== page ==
Leaving aside color accuracy for the moment, it is easy to see from the screen shot that the LCD rendering of this pattern is substantially brighter than that of the DLP. This goes directly to the point that advocates of the CLO spec try to make: This DLP projector measures 28% brighter on a white pattern, but the LCD is able to generate substantially brighter color values. So if you intend to project full color subject matter, the ANSI lumen spec is not a valid measure of brightness between LCD and DLP projectors (that is, single-chip DLP projectors with white filters in their color wheels).


What difference does it really make? Let's take a look...

4. Wine Glasses

LCD Projector                                                             DLP Projector

4. A couple of wine glasses show how these errors translate into real life. Here, the red color of the wine is obviously more vibrant on the LCD. The dimmer brownish red we saw in the color bars above manifests itself here with a relatively weak rendering of the wine. On the other hand, contrast is much better on the DLP. The wineglass is much better defined against the brighter white background. On the LCD you see the undesirable tonal shift in white, and the glass merges with the background--the highlight detail is missing. This can be fixed on the 3LCD projector by reducing contrast at the expense of overall image brightness.

5. Night Scene

LCD Projector                                                             DLP Projector

5. A shot of a city at night reveals the latent advantage in contrast and black level that DLP projectors often have over their LCD counterparts. Though the image is much brighter on the LCD, it is bluish and dull compared to the DLP projector which presents this particular scene much more successfully despite a bias toward green. This can also be fixed with an adjustment on the LCD, but again at the expense of image brightness.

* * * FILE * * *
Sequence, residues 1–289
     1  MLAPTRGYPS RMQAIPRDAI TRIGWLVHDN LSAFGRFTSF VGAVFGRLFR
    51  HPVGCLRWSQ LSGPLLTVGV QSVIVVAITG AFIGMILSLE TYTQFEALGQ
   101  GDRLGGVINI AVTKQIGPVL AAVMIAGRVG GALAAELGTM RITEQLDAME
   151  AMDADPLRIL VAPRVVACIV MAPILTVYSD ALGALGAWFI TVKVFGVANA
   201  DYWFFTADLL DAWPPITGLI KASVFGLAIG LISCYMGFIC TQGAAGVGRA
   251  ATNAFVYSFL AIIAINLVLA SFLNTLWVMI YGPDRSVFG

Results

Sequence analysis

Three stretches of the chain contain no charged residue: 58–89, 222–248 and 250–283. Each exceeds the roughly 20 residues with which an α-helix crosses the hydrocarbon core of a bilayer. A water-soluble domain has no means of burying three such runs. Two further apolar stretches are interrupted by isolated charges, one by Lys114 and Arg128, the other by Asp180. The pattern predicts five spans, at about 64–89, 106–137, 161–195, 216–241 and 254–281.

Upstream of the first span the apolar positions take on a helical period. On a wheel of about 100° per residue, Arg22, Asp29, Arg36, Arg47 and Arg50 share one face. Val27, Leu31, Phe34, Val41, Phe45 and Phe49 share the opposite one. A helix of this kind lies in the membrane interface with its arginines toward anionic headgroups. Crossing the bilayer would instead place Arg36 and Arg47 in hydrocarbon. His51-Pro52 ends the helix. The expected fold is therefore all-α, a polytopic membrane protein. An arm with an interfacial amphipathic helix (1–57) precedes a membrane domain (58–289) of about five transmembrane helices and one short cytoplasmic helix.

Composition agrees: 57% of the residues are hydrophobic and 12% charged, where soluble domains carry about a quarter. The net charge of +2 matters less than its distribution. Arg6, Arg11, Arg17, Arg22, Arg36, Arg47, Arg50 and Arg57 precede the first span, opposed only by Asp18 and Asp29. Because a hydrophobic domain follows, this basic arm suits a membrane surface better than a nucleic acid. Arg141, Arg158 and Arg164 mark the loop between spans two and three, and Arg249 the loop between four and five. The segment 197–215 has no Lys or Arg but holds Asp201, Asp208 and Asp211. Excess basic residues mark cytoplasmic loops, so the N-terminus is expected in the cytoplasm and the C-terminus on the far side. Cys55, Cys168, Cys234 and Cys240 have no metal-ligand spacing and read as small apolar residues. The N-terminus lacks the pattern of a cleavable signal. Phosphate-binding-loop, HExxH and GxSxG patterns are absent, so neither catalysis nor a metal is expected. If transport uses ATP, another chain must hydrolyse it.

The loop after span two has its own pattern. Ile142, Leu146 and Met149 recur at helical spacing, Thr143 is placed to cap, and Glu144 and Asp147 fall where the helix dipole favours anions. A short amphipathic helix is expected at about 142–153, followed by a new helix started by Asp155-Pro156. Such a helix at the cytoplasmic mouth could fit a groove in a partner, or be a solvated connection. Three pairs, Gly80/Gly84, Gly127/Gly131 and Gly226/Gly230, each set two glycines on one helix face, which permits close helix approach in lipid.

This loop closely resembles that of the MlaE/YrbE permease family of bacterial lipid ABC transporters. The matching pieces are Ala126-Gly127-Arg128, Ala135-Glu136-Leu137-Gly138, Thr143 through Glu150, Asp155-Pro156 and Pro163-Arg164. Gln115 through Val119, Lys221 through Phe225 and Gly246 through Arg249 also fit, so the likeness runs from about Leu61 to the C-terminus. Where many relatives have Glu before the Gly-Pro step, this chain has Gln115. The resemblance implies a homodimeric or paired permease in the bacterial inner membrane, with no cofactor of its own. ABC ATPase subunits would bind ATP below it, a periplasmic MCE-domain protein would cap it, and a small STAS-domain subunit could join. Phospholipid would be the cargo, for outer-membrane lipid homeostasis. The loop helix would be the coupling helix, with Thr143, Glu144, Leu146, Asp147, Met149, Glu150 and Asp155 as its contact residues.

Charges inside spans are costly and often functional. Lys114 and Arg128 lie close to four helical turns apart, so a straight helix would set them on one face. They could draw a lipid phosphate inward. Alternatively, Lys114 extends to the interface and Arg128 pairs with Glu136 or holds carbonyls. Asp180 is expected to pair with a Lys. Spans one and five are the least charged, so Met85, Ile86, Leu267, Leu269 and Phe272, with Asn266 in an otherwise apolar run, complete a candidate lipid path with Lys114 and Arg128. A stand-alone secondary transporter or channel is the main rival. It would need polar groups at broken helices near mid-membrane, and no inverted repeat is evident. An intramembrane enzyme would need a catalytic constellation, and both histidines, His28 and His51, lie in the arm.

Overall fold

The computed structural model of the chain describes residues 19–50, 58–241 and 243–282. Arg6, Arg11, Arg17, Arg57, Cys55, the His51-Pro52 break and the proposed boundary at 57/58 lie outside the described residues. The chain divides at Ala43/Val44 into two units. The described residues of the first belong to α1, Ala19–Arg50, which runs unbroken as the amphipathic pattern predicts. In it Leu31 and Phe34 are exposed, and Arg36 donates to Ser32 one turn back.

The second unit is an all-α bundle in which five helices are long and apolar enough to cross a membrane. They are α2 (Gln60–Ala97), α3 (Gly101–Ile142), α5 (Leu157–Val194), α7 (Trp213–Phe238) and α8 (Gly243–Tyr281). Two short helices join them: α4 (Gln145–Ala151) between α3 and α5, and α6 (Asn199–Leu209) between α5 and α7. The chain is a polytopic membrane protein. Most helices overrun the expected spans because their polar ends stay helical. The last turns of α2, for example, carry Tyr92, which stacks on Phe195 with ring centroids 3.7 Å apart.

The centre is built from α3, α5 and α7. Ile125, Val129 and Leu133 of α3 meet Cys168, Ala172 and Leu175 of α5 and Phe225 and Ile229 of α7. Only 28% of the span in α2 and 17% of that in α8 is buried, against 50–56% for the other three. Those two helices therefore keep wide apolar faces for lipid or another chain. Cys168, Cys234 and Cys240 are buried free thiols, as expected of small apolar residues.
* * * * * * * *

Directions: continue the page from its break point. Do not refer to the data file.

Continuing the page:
In these tests we tended to notice more digital noise on the 3LCD projector, and it was quite abundant in dark scenes like this one in which it is visible even in the small screen shot.

6. Desktop, No Color

3LCD Projector                                                             DLP Projector

6. Here is a scene with very little color content. The DLP projector does a much better job with this image than does the LCD. It is more neutral in color and higher in contrast. For any type of subject matter that has little color the DLP (in its brightest dynamic/presentation mode) will have a latent advantage. That includes everything from financial spreadsheets and text documents to black and white photography.


7. Pencils

3LCD Projector                                                             DLP Projector

7. This image is a mix of gray and colored elements. The background is actually middle gray, and the DLP projector presents it fairly accurately while the LCD interprets it as blue. The colored pencils are brighter on the LCD and their color tone is closer to accurate, but they lack saturation and are too pastel.

On the DLP projector, while it gets the gray background correct, its color shows greater inaccuracies. The yellow pencil appears as olive green and the orange appears to be a deep, solid brown. But the white highlights on the glass are correct on the DLP while appearing blue-green on the LCD. The LCD picture is brighter, the DLP picture is higher in contrast. Neither image is a faithful reproduction of the source signal.

As an aside, on some of these screen shots you will notice some brightness uniformity issues, and it is most obvious in this image--the LCD is darker on the right, and the DLP is darker on the left. This is due to some vignetting in the wide angle camera lens used to make the screen shot, not to any uniformity problem with the projectors.

8. Balls of Yarn

LCD Projector                                                             DLP Projector

8. An example of high color saturation. The flaws we have seen in previous images appear here as well. The LCD colors shift toward undersaturated pastel, the highlights are blown out, and the image has a bluish tint overall. Meanwhile, the DLP colors are much more saturated, but dimmer with significant inaccuracies---yellow appears orange, cyan appears green, and red appears dark plum. The DLP does a much better job holding detail in the highlights, but the picture is relatively dim.